Walter de Gray (died 1 May 1255), English prelate and statesman, was a nephew of John de Gray, bishop of Norwich, and was educated at Oxford.
He owed his early and rapid preferment in church and state to the favor of King John, becoming the king's chancellor in 1205, and being chosen bishop of Lichfield in 1210. He was, however, not allowed to keep this bishopric, but he became bishop of Worcester in 1214, resigning his office as chancellor in the same year. Gray was with John when the king signed the Magna Carta in June 1215; soon after this event he left England on the king's business, and it was during his absence that he was forced into the archbishopric of York, owing his election to the good offices of John and of Pope Innocent III.
He took a leading part in public affairs during the minority of Henry III, and was regarded with much favor by this king, who employed him on important errands to foreign potentates, and left him as guardian of England when he went to France in 1242. Afterwards the archbishop seems to have been less favorably disposed towards Henry, and for a time he absented himself from public business; however, in 1255, he visited London to attend a meeting of parliament, and died at Fulham on the 1st of May 1255. Gray was always anxious to assert his archiepiscopal authority over Scotland, and to maintain it against the archbishop of Canterbury, but in neither case was he very successful. He built the south transept of the minster at York and bought for his see the village, afterwards called Bishopthorpe, which is still the residence of the archbishop of York. He was also generous to the church at Ripon. Gray was regarded by his contemporaries as an avaricious, but patriotic man.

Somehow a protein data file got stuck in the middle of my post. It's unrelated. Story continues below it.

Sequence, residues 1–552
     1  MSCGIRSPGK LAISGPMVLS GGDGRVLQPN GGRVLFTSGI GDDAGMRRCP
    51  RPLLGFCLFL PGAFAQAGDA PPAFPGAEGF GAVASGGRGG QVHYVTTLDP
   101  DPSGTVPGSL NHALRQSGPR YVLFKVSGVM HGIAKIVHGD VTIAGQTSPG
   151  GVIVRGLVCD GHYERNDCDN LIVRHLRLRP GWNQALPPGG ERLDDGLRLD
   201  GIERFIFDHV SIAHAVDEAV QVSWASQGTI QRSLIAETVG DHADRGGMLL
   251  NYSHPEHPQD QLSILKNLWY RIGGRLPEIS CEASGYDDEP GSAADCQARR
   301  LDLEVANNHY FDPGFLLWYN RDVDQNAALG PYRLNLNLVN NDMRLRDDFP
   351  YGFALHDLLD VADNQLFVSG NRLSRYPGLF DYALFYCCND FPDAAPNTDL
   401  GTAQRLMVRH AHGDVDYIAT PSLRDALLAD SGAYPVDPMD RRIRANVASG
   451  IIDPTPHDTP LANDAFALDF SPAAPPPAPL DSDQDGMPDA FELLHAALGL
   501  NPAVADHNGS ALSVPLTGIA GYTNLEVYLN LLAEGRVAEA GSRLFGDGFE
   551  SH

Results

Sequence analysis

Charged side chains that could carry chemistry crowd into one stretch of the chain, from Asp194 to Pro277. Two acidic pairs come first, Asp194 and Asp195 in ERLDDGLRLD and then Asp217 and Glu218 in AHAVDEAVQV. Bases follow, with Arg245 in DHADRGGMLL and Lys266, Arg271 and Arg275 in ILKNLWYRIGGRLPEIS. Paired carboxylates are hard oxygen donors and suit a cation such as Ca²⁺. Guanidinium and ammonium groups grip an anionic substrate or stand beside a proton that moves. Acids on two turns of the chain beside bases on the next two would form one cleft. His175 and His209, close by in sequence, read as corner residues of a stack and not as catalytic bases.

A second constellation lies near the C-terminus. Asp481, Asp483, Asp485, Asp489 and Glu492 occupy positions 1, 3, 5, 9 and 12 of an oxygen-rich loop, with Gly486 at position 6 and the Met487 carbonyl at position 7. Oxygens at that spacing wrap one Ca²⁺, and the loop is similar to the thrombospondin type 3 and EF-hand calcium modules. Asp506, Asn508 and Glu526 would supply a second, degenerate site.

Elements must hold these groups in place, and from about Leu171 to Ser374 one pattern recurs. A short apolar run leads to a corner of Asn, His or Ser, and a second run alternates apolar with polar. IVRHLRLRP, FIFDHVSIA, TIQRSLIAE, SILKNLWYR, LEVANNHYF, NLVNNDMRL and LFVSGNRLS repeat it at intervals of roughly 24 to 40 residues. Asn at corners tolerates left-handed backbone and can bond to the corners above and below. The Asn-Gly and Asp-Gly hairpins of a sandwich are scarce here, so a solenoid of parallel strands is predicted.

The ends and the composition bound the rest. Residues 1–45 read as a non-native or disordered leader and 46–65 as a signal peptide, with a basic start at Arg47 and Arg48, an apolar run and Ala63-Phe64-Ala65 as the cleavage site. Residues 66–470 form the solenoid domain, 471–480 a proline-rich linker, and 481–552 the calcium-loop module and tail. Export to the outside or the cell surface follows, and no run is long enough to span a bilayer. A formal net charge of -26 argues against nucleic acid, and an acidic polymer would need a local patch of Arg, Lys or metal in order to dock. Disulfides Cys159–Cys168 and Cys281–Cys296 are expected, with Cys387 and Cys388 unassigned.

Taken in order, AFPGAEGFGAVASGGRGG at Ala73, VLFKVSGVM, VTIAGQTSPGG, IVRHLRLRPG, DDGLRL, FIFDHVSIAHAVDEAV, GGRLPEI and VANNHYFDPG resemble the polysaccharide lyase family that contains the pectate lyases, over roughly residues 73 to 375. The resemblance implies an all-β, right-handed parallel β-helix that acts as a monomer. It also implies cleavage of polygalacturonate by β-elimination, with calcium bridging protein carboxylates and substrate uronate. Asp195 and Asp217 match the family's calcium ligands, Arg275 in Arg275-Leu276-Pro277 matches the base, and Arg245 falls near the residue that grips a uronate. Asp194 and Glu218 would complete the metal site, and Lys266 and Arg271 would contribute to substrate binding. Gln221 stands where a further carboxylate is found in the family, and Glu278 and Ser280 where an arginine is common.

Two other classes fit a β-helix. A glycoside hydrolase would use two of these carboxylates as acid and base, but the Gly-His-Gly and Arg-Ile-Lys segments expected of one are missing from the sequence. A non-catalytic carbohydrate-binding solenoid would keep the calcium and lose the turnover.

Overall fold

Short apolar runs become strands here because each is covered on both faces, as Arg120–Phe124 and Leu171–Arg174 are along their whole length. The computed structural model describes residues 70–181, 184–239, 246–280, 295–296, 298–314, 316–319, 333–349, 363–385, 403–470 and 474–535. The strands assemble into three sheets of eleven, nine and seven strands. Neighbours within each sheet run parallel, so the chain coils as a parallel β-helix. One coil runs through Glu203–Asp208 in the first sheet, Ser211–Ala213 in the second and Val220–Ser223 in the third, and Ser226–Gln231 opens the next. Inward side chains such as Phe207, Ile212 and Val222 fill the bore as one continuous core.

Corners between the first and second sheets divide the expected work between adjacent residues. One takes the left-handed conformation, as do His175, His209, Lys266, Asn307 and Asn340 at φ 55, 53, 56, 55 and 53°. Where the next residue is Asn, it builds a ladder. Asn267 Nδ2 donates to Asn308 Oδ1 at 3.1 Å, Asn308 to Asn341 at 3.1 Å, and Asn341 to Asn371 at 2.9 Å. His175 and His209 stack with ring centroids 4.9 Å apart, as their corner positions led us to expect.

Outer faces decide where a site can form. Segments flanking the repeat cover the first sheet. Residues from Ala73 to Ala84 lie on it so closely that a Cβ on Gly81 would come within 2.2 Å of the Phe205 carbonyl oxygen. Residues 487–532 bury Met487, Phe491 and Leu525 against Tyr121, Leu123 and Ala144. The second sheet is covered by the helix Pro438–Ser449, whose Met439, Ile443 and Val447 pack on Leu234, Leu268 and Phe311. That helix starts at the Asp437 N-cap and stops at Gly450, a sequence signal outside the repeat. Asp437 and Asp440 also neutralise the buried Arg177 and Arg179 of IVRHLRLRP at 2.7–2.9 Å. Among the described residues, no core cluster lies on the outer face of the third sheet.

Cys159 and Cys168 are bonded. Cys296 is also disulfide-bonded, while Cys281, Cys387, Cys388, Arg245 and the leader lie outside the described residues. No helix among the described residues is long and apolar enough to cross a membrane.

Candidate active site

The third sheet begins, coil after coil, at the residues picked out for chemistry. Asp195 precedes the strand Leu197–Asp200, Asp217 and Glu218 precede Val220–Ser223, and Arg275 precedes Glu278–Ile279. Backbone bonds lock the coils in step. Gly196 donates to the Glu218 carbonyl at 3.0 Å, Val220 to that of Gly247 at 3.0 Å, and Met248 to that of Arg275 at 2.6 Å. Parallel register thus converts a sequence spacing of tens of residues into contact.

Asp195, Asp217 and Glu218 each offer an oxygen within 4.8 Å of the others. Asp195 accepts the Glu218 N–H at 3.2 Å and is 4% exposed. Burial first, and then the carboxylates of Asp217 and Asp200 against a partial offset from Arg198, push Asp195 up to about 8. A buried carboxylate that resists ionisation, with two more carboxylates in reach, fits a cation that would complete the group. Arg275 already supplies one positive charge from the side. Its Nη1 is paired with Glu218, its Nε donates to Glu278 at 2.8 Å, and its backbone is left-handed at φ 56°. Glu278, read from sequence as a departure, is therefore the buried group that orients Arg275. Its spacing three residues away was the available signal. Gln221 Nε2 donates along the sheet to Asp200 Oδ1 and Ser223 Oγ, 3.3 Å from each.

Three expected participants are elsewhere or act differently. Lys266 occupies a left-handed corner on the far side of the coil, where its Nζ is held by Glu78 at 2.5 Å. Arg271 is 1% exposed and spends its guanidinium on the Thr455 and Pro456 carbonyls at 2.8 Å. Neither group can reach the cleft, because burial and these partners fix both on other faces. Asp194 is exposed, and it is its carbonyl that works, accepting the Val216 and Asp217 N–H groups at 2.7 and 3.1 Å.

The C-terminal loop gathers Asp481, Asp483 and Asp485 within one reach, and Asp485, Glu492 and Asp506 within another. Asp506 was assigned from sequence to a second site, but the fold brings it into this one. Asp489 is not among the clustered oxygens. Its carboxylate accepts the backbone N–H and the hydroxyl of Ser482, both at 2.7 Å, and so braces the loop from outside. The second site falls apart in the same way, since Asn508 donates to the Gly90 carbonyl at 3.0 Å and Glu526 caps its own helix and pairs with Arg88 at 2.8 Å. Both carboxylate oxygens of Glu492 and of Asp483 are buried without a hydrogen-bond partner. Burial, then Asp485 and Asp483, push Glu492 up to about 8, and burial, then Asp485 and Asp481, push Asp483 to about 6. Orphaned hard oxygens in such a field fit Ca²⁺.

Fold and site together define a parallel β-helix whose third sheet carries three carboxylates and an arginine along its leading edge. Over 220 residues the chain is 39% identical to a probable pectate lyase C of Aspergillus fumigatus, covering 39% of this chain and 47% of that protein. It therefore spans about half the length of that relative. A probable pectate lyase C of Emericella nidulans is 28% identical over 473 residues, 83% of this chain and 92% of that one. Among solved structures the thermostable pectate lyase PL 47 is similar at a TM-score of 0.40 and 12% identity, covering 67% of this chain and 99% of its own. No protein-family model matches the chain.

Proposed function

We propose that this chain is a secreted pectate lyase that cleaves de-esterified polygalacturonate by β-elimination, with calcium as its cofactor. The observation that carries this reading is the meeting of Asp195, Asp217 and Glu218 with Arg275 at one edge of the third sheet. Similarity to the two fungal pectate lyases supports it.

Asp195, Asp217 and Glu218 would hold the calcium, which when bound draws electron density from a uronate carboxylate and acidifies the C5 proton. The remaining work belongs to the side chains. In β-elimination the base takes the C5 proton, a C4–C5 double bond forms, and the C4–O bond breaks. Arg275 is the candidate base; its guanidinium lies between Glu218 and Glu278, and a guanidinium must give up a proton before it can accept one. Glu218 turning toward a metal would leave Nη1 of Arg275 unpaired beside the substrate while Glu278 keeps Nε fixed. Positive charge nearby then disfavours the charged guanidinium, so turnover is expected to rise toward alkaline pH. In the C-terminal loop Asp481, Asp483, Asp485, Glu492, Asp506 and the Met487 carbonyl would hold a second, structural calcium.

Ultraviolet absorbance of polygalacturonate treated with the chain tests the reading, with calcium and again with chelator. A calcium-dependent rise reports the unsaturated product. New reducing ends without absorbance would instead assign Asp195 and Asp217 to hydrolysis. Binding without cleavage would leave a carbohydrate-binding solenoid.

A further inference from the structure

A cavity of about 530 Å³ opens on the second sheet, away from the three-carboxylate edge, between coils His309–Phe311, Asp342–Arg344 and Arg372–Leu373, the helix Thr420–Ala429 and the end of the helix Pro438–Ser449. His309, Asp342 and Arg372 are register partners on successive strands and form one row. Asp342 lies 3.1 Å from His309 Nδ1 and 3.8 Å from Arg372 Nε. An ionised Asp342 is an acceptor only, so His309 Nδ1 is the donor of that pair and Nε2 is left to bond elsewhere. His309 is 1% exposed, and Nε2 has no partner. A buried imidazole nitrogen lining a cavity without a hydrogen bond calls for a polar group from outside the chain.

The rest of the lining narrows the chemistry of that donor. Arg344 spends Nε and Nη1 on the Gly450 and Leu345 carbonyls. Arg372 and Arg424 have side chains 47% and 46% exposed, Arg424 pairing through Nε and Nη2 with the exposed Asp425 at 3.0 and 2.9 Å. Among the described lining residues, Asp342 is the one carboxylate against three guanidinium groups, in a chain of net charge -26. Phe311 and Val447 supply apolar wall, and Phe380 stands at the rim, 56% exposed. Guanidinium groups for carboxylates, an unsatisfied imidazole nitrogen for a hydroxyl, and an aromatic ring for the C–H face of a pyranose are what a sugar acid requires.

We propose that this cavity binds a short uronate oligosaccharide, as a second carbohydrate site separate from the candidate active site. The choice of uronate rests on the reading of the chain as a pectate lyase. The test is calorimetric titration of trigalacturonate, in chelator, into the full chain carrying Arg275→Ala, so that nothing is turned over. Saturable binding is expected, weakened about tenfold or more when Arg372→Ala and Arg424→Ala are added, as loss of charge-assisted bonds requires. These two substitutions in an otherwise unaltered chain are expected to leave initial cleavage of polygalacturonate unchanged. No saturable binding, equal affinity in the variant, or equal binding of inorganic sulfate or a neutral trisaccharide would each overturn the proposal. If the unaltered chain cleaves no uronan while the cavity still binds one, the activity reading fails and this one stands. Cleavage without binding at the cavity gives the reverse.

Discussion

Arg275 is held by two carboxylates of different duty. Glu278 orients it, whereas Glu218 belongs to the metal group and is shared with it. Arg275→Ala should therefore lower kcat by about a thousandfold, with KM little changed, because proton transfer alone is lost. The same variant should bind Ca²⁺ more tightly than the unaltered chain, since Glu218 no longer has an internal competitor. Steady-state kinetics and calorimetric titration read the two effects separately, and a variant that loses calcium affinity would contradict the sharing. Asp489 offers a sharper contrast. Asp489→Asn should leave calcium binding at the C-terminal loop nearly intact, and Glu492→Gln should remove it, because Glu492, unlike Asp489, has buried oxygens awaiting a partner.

This article incorporates text from the public domain 1911 Encyclopędia Britannica.